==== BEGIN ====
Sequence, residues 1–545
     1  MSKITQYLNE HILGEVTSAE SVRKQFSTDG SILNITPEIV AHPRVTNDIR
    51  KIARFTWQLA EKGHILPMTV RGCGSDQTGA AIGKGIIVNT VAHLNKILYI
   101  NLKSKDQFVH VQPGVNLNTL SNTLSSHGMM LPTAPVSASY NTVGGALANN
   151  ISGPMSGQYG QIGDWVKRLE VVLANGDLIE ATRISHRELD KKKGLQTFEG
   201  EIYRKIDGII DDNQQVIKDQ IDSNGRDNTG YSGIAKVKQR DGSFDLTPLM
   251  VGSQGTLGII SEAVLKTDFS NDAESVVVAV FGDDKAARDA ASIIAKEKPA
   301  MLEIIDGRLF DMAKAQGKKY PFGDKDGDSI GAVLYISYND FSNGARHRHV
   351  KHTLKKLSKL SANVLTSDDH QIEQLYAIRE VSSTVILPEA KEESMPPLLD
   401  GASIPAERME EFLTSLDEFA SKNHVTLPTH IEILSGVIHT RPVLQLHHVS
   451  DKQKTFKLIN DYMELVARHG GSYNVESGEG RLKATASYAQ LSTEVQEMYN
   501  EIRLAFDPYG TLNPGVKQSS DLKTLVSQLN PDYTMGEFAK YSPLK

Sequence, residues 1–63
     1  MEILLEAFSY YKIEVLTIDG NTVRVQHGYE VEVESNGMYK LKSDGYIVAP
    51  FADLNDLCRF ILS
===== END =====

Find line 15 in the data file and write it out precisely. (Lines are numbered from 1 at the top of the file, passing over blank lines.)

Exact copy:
    51  FADLNDLCRF ILS